My work has always been based on creating a dialog between acoustic drums, percussion, and electronics. I’ve been developing several ways to create acoustic sounds that sound electronic, and electronic ones that sound like acoustic instruments. My sound design ideas come mostly from my live setup. When I started working on my solo set, I wasn’t thinking of playing on “normal” stages, but for relatively small rooms where I could play in front of the P.A. My original concept was to compose and play real-time music using three different sound layers: the acoustic drums without amplification, the electronic sounds diffused the P.A. behind me, and a third “electroacoustic” layer of electronic sounds diffused by small speakers placed on top and around the drum kit. Creating both musical and technical immersive sound environments it’s been always at the core of my live and studio work.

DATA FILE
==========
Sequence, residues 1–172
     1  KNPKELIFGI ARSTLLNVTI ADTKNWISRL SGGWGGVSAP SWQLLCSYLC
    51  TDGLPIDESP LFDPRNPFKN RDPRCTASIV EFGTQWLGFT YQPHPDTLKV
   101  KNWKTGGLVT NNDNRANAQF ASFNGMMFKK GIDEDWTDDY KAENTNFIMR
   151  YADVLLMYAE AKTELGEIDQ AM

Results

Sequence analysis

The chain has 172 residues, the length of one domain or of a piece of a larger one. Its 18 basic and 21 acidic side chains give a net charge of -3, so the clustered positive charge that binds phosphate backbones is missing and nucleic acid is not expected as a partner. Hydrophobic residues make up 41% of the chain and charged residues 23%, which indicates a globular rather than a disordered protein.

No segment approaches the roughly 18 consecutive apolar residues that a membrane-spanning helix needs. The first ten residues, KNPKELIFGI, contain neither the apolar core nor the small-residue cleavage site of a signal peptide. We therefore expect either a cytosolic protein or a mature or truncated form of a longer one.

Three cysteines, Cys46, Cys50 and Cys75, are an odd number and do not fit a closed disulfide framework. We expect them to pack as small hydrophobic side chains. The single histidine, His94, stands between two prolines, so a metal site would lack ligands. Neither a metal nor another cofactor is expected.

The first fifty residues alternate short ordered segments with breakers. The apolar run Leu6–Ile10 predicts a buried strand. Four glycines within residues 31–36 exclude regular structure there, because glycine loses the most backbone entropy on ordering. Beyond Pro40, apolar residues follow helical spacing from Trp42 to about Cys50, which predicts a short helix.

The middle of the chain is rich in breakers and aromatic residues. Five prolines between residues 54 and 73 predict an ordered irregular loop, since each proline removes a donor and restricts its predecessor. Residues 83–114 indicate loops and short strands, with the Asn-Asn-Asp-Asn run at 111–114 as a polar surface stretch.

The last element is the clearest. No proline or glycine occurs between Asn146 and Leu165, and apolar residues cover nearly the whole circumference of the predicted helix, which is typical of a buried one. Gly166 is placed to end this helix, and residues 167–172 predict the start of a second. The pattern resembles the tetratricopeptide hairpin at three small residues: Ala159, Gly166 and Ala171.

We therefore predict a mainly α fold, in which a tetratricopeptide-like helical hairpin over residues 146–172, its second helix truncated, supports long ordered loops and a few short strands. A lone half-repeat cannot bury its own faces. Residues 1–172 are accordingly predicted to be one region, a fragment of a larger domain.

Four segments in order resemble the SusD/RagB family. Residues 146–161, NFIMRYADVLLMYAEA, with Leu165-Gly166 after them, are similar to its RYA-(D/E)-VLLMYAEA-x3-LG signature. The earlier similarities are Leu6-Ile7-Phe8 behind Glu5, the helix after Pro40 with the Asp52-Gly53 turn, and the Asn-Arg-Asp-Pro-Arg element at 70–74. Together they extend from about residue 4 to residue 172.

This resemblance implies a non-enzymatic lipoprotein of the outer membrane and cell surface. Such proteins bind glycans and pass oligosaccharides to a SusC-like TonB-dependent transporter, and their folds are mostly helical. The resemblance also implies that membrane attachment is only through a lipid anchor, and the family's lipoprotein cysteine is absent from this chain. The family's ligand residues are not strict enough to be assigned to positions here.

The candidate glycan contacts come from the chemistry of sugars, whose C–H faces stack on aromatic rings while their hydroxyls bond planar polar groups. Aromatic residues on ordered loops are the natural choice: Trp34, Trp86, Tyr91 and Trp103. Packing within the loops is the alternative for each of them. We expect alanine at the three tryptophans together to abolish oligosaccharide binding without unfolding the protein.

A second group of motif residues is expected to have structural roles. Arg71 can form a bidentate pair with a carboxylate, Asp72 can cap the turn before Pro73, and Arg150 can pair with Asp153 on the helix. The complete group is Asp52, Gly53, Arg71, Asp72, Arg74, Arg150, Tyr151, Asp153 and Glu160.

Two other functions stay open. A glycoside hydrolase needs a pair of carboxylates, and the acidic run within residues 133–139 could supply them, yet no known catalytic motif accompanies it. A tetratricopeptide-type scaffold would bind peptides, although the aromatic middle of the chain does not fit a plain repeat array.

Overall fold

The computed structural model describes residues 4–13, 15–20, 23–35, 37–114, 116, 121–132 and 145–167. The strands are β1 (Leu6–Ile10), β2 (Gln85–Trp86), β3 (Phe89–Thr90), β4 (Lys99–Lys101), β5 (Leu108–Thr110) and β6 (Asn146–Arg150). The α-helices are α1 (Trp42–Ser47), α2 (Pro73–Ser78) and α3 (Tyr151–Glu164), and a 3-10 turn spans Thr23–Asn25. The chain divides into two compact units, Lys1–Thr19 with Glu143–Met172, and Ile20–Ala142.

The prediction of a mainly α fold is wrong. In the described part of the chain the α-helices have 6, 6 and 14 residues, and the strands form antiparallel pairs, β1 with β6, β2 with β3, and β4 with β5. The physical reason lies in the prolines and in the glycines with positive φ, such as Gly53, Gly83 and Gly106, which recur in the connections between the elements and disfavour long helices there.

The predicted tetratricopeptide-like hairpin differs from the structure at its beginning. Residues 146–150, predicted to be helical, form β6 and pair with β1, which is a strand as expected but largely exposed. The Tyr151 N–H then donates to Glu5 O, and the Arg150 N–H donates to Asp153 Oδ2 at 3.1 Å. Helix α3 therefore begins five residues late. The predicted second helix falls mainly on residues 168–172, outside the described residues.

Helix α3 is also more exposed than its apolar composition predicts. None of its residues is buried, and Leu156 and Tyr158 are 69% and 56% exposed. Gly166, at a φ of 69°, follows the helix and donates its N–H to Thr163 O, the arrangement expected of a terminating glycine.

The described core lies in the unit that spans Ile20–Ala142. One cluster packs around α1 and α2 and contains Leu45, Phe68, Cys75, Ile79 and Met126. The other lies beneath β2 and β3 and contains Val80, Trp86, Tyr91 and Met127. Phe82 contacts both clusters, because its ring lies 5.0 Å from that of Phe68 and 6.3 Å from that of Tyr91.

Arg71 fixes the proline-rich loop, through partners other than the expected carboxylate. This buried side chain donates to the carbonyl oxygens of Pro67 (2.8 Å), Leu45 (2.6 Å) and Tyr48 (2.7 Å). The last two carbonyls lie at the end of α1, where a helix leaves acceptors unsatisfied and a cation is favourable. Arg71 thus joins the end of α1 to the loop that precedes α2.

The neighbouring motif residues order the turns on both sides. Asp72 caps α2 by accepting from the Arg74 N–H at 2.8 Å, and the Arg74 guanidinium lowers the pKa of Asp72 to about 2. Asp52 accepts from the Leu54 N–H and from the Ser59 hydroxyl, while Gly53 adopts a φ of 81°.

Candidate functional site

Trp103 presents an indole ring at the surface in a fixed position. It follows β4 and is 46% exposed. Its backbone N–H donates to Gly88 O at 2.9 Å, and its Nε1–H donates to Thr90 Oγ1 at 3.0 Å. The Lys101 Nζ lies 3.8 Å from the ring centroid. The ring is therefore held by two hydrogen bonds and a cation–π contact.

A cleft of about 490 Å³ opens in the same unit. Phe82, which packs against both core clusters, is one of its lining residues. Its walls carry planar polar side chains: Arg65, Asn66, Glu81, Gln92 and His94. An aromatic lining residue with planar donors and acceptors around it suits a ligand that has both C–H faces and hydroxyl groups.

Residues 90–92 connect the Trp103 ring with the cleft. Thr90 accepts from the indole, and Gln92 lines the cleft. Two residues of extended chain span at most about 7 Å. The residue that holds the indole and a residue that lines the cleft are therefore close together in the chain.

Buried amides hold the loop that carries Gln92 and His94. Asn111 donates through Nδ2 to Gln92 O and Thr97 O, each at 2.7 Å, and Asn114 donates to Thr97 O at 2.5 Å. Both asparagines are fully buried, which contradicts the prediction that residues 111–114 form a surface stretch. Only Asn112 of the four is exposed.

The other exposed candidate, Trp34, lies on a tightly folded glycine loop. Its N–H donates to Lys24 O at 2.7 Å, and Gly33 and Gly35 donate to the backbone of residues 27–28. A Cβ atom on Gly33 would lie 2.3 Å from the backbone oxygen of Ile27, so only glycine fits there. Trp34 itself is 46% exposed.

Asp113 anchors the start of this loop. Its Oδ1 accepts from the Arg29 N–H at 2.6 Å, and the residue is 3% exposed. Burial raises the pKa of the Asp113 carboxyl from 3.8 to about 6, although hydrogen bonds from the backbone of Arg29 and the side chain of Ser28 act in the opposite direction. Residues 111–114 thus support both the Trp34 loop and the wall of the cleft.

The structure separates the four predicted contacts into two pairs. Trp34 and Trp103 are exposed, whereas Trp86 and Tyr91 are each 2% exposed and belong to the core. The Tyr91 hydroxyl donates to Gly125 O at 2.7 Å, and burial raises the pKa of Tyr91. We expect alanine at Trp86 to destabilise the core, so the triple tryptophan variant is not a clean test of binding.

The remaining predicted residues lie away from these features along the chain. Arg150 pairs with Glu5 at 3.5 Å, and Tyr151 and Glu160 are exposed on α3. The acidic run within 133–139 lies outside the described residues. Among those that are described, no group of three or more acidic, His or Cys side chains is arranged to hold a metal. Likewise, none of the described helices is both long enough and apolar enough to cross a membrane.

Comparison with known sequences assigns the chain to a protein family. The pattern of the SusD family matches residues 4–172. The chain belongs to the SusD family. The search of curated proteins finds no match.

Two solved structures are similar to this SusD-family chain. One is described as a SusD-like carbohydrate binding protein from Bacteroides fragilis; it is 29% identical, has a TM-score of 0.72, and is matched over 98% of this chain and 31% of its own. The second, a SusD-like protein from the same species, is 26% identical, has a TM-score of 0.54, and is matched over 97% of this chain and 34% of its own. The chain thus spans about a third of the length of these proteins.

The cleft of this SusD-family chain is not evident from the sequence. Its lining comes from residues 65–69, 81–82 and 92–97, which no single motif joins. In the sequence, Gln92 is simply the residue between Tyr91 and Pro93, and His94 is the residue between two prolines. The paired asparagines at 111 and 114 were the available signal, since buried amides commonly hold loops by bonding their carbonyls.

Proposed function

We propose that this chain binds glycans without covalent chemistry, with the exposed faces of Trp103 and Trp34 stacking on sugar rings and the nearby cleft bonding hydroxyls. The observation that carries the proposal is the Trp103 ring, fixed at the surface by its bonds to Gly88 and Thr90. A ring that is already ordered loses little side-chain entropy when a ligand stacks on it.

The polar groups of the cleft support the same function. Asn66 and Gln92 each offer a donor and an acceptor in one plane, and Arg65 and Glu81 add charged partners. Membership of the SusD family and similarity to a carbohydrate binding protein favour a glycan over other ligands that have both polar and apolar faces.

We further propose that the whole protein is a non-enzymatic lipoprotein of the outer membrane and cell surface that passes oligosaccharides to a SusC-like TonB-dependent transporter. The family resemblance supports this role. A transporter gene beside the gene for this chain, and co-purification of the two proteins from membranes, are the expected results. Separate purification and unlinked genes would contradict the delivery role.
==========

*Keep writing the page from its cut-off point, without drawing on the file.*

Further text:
Any particular new techniques that you tried out for your new album?
I composed an album starting from drums recordings, which was a new experience to me.
What does your live setup look like, and what do you bring with you when you travel for an extensive tour?
My live set up consists of a drum-kit and, percussion and few electronic instruments. I prefer big sounding bass drum sounds, with a smooth attack and a warm and long decay. My actual electronic setup is composed of one Roland Spd-Sx sampler pad, one Clavia Micro Modular controlled by a Faderfox Midi Controller. I’m now expanding my electronic set up with a Keith McMillen K-Mix (thanks to Keith McMillen for sending it to me!), plus a couple of microphones, effects, and controller, but it’s still a work in progress. When I tour with my solo set, I only bring my electronics and percussion. As a drummer is always difficult to bring drums on tour.